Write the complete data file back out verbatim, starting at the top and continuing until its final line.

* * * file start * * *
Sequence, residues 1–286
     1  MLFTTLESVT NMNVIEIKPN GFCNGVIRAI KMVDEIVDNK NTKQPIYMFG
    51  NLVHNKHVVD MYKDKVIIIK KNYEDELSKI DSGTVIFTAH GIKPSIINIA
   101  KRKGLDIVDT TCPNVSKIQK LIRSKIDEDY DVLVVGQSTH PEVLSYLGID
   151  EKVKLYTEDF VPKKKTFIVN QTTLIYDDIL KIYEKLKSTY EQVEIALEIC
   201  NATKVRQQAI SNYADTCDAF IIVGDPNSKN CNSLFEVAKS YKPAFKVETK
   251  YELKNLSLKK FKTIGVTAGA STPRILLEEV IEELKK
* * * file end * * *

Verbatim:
Sequence, residues 1–286
     1  MLFTTLESVT NMNVIEIKPN GFCNGVIRAI KMVDEIVDNK NTKQPIYMFG
    51  NLVHNKHVVD MYKDKVIIIK KNYEDELSKI DSGTVIFTAH GIKPSIINIA
   101  KRKGLDIVDT TCPNVSKIQK LIRSKIDEDY DVLVVGQSTH PEVLSYLGID
   151  EKVKLYTEDF VPKKKTFIVN QTTLIYDDIL KIYEKLKSTY EQVEIALEIC
   201  NATKVRQQAI SNYADTCDAF IIVGDPNSKN CNSLFEVAKS YKPAFKVETK
   251  YELKNLSLKK FKTIGVTAGA STPRILLEEV IEELKK